Estelle Hogan was born and raised around Tjintirrkara near the border of Western Australia and South Australia.
Estelle is married to Simon Hogan, comes from Spinifex country and describes herself as a Spinifex person and her language as Pitjantjatjara. Like other Spinifex people her life was traumatised by Maralinga atomic tests and drifted into Cundeelee Mission at some time during the 1950s or 60s and was given her approximate birthdate by mission authorities.
The Spinifex people returned to their homelands in the 1980s. In doing so they found the southern part of their country converted into nature reserve; the northern third leased to Aboriginal people living to the north and the centre Vacant Crown Land. The Spinifex People were upset and, spurred on by the Mabo judgement of 1992, mounted a Native Title claim over 55,000 km of land.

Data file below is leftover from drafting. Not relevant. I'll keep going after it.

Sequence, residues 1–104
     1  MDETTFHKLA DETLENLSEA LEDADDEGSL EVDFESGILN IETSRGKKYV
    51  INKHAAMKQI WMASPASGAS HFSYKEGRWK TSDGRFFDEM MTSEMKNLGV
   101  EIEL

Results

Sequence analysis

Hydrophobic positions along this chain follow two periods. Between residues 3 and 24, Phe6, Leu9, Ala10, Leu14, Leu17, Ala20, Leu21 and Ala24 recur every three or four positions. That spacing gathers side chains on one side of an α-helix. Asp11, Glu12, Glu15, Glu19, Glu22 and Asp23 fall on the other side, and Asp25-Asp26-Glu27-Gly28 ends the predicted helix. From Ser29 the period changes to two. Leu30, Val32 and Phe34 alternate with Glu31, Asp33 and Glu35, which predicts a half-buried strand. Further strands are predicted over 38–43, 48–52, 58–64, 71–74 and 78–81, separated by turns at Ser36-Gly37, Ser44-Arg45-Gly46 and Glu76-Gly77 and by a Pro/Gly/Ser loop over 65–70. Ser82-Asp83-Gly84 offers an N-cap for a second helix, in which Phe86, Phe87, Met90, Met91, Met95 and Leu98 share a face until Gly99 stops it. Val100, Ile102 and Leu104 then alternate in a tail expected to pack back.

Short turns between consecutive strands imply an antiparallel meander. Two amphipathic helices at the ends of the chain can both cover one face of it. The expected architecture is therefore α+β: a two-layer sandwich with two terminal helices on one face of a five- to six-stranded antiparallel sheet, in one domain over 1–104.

As part of the broader Native Title process, the Spinifex Arts Project was established in 1996 to record and document ownership of the Spinifex Area. Initially focused on Native Title documentation, the painting project grew rapidly and in 1998 the community produced a series of ten large paintings to be bequeathed to the people of Western Australia in a symbolic exchange of paintings for land.
Estelle Hogan was one of the founding artists who worked on the Native Title project from 1998 onwards. Her work was exhibited in the touring exhibition Pila Nguru; Art and Song from the Spinifex People of 2000.